`parallelplot`

evenly distributes the unique possible values
along the coordinate ruler, regardless of the normalization method.

**Example: **`p = parallelplot(__,'DataNormalization','none')`

**Example: **`p.DataNormalization = 'zscore'`

`Jitter`

— Data displacement distance

`0.1`

(default) | numeric scalar in the interval [0,1]

Data displacement distance along the coordinate rulers, specified as a numeric scalar in the
interval [0,1]. The `Jitter`

value determines the maximum distance to
displace plot lines from their true value along the coordinate rulers, where the
displacement is a uniform random amount. If you set the `Jitter`

property to `1`

, then adjacent jitter regions just touch. Set the
`Jitter`

property to `0`

to display the true
data values.

Some amount of jitter is particularly helpful for visualizing categorical data because the
jittering enables you to distinguish between plot lines more easily. However, the
`Jitter`

value affects all coordinate variables, including
numeric variables.

**Example: **`p = parallelplot(__,'Jitter',0.5)`

**Example: **`p.Jitter = 0.2`

`Color`

— Group color

character vector | string array | cell array of character vectors | matrix of RGB values

Group color, specified in one of these forms:

Character vector designating a color name, short name, or hexadecimal color code. A hexadecimal color code starts with a hash symbol (

`#`

) and is followed by three or six hexadecimal digits, which can range from`0`

to`F`

. The values are not case sensitive. Thus, the color codes`'#FF8800'`

,`'#ff8800'`

,`'#F80'`

, and`'#f80'`

are equivalent.String array or cell array of character vectors designating one or more color names, short names, or hexadecimal color codes.

Three-column matrix of RGB values in the range [0,1]. The three columns represent the R value, G value, and B value.

Choose among these predefined colors, their equivalent RGB triplets, and their hexadecimal color codes.

Color Name | Short Name | RGB Triplet | Hexadecimal Color Code | Appearance |
---|---|---|---|---|

`"red"` | `"r"` | `[1 0 0]` | `"#FF0000"` | |

`"green"` | `"g"` | `[0 1 0]` | `"#00FF00"` | |

`"blue"` | `"b"` | `[0 0 1]` | `"#0000FF"` | |

`"cyan"`
| `"c"` | `[0 1 1]` | `"#00FFFF"` | |

`"magenta"` | `"m"` | `[1 0 1]` | `"#FF00FF"` | |

`"yellow"` | `"y"` | `[1 1 0]` | `"#FFFF00"` | |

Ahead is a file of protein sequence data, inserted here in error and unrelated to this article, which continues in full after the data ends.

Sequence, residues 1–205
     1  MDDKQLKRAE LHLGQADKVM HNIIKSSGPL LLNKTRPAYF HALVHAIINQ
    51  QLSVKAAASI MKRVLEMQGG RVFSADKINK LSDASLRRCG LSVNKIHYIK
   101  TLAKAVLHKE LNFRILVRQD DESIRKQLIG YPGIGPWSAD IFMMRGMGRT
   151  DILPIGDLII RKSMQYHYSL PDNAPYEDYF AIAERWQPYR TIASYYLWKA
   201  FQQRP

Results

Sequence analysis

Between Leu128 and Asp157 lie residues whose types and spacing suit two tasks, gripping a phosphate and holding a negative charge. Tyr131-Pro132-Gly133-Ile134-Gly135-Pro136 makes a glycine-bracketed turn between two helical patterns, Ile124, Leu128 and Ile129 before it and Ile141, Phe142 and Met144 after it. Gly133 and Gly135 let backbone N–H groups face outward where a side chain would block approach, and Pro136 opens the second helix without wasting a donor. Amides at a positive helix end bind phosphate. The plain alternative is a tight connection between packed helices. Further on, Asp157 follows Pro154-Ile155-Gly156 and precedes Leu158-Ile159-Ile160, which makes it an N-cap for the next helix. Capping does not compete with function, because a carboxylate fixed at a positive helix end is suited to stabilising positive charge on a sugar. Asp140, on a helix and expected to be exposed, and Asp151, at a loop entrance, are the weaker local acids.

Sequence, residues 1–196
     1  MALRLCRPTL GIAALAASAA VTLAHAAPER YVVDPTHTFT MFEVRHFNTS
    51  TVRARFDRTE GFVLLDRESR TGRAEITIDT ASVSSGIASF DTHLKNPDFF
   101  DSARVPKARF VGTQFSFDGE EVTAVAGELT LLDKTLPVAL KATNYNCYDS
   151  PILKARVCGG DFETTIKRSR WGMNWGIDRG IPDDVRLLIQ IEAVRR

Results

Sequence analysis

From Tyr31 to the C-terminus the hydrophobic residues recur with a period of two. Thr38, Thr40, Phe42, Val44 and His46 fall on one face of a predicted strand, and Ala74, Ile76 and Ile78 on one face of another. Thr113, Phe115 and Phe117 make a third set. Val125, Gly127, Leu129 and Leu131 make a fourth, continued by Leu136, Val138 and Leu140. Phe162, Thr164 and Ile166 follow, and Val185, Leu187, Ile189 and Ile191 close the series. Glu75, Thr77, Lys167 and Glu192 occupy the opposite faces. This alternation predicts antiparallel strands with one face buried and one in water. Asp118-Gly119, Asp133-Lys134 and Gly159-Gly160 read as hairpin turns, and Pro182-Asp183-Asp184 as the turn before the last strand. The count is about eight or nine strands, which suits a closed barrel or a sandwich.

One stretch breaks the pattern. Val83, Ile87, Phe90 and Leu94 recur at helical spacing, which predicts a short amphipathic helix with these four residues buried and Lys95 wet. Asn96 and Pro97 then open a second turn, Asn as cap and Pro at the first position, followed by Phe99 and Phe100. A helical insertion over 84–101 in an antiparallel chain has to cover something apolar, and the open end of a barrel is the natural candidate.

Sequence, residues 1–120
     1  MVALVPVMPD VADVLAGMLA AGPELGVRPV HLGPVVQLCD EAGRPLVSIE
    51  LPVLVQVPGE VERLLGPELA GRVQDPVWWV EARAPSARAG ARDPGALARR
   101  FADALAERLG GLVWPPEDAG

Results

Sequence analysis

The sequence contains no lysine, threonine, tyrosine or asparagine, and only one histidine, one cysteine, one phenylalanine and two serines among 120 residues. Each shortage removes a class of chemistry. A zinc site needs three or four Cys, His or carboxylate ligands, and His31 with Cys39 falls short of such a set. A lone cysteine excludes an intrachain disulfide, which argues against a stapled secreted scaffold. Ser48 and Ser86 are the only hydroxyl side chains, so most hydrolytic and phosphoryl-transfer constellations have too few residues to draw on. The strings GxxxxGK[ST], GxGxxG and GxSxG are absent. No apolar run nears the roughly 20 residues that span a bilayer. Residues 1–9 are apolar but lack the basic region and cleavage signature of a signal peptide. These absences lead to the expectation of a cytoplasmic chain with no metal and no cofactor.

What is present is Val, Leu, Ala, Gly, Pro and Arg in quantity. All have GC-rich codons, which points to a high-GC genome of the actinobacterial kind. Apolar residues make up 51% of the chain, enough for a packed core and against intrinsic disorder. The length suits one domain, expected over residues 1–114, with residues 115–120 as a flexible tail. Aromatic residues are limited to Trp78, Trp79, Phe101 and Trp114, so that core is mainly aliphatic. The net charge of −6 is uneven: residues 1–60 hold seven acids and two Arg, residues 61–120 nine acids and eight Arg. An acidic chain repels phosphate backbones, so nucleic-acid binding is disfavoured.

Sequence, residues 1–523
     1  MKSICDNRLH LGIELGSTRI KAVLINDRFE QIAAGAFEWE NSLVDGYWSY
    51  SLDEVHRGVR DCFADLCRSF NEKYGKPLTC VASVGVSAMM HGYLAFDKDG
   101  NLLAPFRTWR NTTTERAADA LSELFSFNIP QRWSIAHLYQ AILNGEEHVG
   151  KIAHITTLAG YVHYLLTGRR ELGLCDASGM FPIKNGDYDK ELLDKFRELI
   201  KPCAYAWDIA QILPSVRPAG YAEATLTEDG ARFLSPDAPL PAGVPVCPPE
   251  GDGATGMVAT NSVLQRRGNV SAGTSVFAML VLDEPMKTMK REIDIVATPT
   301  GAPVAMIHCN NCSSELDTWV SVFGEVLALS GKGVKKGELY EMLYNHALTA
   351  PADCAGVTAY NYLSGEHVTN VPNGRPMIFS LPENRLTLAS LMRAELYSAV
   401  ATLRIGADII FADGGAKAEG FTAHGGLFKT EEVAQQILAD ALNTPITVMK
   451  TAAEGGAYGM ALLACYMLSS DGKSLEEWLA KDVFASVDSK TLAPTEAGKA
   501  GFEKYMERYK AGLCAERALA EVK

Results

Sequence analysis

`"black"` | `"k"` | `[0 0 0]` | `"#000000"` | |

`"white"` | `"w"` | `[1 1 1]` | `"#FFFFFF"` |

Here are the RGB triplets and hexadecimal color codes for the default colors MATLAB uses in many types of plots.

RGB Triplet | Hexadecimal Color Code | Appearance |
---|---|---|

`[0 0.4470 0.7410]` | `"#0072BD"` | |

`[0.8500 0.3250 0.0980]` | `"#D95319"` | |

`[0.9290 0.6940 0.1250]` | `"#EDB120"` | |

`[0.4940 0.1840 0.5560]` | `"#7E2F8E"` | |

`[0.4660 0.6740 0.1880]` | `"#77AC30"` | |

`[0.3010 0.7450 0.9330]` | `"#4DBEEE"` | |

`[0.6350 0.0780 0.1840]` | `"#A2142F"` |

By default, `parallelplot`

assigns a maximum of seven unique group colors. When the total number of groups exceeds the number of specified colors, `parallelplot`

cycles through the specified colors.

**Example: **`p = parallelplot(__,'Color',{'blue','black','green'})`

**Example: **`p.Color = [0 0 1; 0 0.5 0.5; 0.5 0.5 0.5]`

**Example: **`p.Color = {'#EDB120','#77AC30','#7E2F8E'}`

## Output Arguments

`p`

— Parallel coordinates plot

`ParallelCoordinatesPlot`

object

`ParallelCoordinatesPlot`

object, which is a standalone visualization. Use `p`

to modify the object
after you create it. For a list of properties, see ParallelCoordinatesPlot Properties.

## More About

### Standalone Visualization

A standalone visualization is a chart designed for a special purpose that
works independently from other charts. Unlike other charts such as `plot`

and `surf`

, a standalone visualization has a preconfigured axes object
built into it, and some customizations are not available. A standalone visualization also
has these characteristics:

It cannot be combined with other graphics elements, such as lines, patches, or surfaces. Thus, the

`hold`

command is not supported.The

`gca`

function can return the chart object as the current axes.You can pass the chart object to many MATLAB functions that accept an axes object as an input argument. For example, you can pass the chart object to the

`title`

function.

## Tips

To interactively explore the data in your

`ParallelCoordinatesPlot`

object, use these options (some are not available in the Live Editor):Zoom — Use the scroll wheel to zoom.

Pan — Click and drag the parallel coordinates plot to pan.

Data tips — Hover over the parallel coordinates plot to display a data tip. The software highlights the corresponding line in the plot. For an example, see Change Data Normalization in Plot.

Rearrange coordinates — Click and drag a coordinate tick label horizontally to move the corresponding coordinate ruler to a different position. For an example, see Explore Table Data Using Parallel Coordinates Plot.

If you create a parallel coordinates plot from a table, then you can customize its data tips. Data tips on parallel coordinates plots always display the value of the selected point, even if you have removed all of the rows.

To add or remove a row from the data tip, right-click anywhere on the plot and point to

**Modify Data Tips**. Then, select or deselect a variable.To add or remove multiple rows, right-click on the plot, point to

**Modify Data Tips**, and select**More**. Then, add variables by clicking**>>**or remove them by clicking**<<**.

## Version History

**Introduced in R2019a**

## See Also

### Functions

### Properties